The issue with String versus other Object doesn't matter in the context of the hint. The hint is there because some
people falsely think == and != are the same as .equals and !.equals which would be incorrect. This rule applies to both
String and non-String class types just the same. The hint isn't based on the fact that String just happens to have a is
this==instance inside of its equal method, is it based on one not being able to use it for value comparison. Reference
comparison is a perfectly legal and valid use. 

However, as someone mentioned, this has really become a mountain out of a mole hill type issue now, and it really is
about preference at this point. In reality, tools, marking this as an error in all situations, is the real cause of the
issue; that coupled with operator overloading in other languages, whether hidden from the user or not (C++). The
shortest method to a resolution at this point, beyond repetitive back and forth, seems to be the best solution. I don't
think constantly reopening and closing the issue is the best answer, and someone isn't going to be happy with any given
solution, I think we just need to pick one which covers the situation, and is legal valid and working code which gets
the job done.
Comment 50 malfunction84 2008-08-07 19:41:15 UTC
Yes, 4f6c5daf99d6 has overwritten the changes introduced by 0c21dec795cf.

jlahoda, your terms are acceptable.  :)  I will begin work on a patch.

In regards to your rant, I would not challenge either.  I believe there is a way to avoid pitting generated code against
hints: simply have the code generation be aware of which hints are enabled.  Bear with me, now.  The hints represent
developer code preferences, right?  If we honor those preferences when generating code, we should never run into the
situation where the IDE generates code which is marked with hints.  And the hints will still be displayed in existing
code as expected.

So for instance, if the "Comparing Strings using == or !=" hint is enabled, we'll generate code that avoids using == or
!= to compare Strings.  Otherwise, we'll use the default code.  The same would be true of your ternary avoidance hint. 
If the hint is enabled, the code generation would not generate code which uses a ternary.

I think this is actually a really good compromise that will please everyone.  If no one objects, I will focus my efforts
on implementing this.
Comment 51 Jan Lahoda 2008-08-07 20:32:55 UTC
(Not counting technical difficulties) I am not sure if creating code depending on enabled/disabled hints is a good idea:
what if the user will generate some code and then enable a hint? Suddenly, his/hers code will be covered with warnings.

Customizable code would be a better solution, IMO (but cannot be done for NB6.5, and a good default is needed anyway -
most people will not change it).
Comment 52 malfunction84 2008-08-08 00:40:11 UTC
I don't see a problem with that.  That's why the warnings exist.  It would be giving warnings on code that *was*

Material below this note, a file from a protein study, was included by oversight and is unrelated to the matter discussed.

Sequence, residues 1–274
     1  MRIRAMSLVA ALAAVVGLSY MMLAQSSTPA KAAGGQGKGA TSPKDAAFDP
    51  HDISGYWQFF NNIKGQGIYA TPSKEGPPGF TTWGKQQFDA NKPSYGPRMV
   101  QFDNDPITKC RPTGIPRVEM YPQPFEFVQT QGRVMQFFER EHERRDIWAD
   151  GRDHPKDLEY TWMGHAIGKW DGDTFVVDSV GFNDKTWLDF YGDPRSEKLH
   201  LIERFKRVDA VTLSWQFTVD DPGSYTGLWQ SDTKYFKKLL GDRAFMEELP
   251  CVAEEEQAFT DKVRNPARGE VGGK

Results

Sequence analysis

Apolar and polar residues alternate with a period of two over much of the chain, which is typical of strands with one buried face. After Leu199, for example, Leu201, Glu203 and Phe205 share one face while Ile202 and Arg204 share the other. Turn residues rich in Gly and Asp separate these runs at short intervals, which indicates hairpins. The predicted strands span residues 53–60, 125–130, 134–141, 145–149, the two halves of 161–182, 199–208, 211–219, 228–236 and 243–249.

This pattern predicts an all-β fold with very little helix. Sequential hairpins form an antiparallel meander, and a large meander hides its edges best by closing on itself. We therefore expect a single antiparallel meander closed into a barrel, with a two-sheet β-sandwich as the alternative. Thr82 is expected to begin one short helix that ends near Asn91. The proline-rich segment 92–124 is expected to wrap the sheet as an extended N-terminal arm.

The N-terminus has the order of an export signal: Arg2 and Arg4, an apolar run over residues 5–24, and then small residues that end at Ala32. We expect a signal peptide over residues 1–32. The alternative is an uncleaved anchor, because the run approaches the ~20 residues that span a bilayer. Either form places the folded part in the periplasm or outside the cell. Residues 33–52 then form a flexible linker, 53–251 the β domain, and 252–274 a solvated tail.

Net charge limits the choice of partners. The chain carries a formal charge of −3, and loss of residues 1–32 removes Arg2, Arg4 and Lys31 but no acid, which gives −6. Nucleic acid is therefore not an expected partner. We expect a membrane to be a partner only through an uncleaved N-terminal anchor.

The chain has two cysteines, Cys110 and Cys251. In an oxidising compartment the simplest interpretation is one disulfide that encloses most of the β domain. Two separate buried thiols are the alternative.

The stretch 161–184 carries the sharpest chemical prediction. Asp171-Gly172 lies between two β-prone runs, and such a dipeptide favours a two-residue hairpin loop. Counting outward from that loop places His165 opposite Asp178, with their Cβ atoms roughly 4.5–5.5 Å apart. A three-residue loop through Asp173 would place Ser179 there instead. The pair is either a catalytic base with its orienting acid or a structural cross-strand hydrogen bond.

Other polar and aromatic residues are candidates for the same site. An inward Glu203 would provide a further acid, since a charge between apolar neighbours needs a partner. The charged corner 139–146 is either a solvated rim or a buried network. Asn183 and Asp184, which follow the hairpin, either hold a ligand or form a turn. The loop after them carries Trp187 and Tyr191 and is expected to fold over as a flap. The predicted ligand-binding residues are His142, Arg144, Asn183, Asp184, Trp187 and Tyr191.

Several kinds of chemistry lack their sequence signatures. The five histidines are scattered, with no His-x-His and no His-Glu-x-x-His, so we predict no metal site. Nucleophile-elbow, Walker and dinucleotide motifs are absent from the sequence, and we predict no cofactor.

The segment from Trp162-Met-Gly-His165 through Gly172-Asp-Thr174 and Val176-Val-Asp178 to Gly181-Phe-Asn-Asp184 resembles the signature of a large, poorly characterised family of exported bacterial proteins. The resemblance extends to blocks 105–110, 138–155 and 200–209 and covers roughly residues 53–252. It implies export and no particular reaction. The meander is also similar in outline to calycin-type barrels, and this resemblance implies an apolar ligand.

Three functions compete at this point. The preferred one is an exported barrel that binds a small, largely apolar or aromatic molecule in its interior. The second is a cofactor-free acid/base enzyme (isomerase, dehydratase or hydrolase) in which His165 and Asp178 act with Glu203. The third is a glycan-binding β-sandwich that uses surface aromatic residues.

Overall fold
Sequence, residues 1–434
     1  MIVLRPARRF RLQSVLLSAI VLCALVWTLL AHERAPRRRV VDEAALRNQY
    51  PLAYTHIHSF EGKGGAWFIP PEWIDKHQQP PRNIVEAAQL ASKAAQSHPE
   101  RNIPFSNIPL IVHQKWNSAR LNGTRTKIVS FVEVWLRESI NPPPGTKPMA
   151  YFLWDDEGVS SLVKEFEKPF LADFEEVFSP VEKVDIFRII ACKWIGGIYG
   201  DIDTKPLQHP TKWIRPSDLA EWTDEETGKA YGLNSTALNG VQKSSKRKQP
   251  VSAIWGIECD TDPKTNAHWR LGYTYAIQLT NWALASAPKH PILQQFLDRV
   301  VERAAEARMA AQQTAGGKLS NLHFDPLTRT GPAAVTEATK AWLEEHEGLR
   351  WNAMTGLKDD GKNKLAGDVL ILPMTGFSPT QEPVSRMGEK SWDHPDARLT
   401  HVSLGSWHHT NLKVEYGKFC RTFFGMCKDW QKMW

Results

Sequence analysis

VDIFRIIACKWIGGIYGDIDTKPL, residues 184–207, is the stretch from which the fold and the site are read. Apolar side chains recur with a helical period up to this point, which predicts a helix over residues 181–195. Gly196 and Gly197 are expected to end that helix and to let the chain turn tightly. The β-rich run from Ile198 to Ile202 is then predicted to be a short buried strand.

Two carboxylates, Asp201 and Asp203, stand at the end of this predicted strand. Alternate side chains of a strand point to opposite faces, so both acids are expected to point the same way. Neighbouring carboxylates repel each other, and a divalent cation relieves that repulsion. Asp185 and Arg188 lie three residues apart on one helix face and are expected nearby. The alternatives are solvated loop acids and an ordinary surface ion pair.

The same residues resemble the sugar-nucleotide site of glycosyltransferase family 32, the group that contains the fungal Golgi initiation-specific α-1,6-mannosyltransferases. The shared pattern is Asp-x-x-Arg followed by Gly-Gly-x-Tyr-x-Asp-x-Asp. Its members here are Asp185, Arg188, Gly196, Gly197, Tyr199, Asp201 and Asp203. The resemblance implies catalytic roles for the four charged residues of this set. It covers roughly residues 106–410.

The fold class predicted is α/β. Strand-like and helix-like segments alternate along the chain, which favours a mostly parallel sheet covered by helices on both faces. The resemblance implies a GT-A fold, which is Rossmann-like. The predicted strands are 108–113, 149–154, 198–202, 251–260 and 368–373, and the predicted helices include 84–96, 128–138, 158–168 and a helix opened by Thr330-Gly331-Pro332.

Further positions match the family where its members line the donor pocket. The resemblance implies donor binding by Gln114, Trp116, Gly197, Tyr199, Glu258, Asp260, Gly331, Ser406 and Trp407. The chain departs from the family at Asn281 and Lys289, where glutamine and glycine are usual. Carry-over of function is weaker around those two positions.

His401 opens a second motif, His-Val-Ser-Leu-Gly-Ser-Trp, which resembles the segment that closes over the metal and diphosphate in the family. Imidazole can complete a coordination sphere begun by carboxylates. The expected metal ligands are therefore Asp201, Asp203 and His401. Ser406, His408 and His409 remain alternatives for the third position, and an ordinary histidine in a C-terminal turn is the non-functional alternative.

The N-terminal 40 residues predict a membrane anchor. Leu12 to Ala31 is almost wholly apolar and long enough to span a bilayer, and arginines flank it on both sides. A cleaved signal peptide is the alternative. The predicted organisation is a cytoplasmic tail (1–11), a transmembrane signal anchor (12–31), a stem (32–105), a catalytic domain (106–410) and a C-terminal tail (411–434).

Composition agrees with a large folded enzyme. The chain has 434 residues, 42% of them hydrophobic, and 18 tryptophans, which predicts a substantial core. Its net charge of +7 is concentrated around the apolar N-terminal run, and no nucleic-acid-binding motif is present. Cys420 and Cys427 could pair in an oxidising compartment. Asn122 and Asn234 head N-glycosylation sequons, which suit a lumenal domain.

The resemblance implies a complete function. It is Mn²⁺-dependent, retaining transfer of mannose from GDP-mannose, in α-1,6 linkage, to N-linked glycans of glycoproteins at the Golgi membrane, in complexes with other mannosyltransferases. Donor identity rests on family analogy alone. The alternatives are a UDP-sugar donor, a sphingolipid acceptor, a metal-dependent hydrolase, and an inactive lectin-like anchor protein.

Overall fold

generated, not warnings on code that *is being* generated.  The IDE can't tell what code *was* generated, but it can
tell what code *is being* generated because it's doing the generating.

I don't know.  I can see the hint setting acting more like a universal "treat Strings differently than other Objects
when using == or != to compare" setting.  It could control comparison warnings, code generation, and perhaps other
behavior as well.  And of course, you could always turn if off.  Thoughts?  Maybe that's a separate issue, literally.  :P

Anyway, for now, I will only work to change the generated code for String comparisons in a .equals() method.  It won't
be keyed off hint settings or anything.  That has the smallest impact, and it's the simplest resolution.
Comment 53 malfunction84 2008-08-25 04:59:35 UTC
Created attachment 68216 [details]
patch - proposed solution
Comment 54 Jan Lahoda 2008-08-25 16:32:10 UTC
Thanks for the patch, it seems fine - I will integrate it with your name if you agree.

BTW: I still do not understand what is so special about j.l.String (compared to e.g. j.l.Integer) that we generate a
special code for it, but that is your problem now :-).
Comment 55 malfunction84 2008-08-25 22:13:39 UTC
Yes, please integrate the patch with my name.  This also means you can revert 4f6c5daf99d6 since it no longer generates
that code for Strings.

But yeah, I understand your point.  I consider String to be different because (1) its .equals() method is different and
(2) Java treats Strings differently than other other languages, particularly PHP.

The .equals() methods for the primitive wrapper classes don't internally perform a == comparison.  This means the two
types of comparison are exclusive.  For primitive wrappers (as with most other objects), .equals() is for comparing the
values that instances contain, whereas == is used to discriminate between instances representing the same value.

With Strings, .equals() performs a == comparison internally, so using .equals() is sufficient by itself for both
comparing represented values and discriminating between instances.  This renders == unnecessary.  That and the fact that
those new to Java use it incorrectly (the reason the warning exists) suggests to me that Strings need special consideration.

I say this only to summarize my position for the sake of anyone who comes into this new, not to reignite the debate.

Hooray.  I get to field all objections.
Comment 57 Quality Engineering 2008-08-28 06:40:16 UTC
Integrated into 'main-golden', available in build *200808280201* on
User: Mark Lewis <>
Log: #111441: [60cat]Generated equals() method uses != to compare strings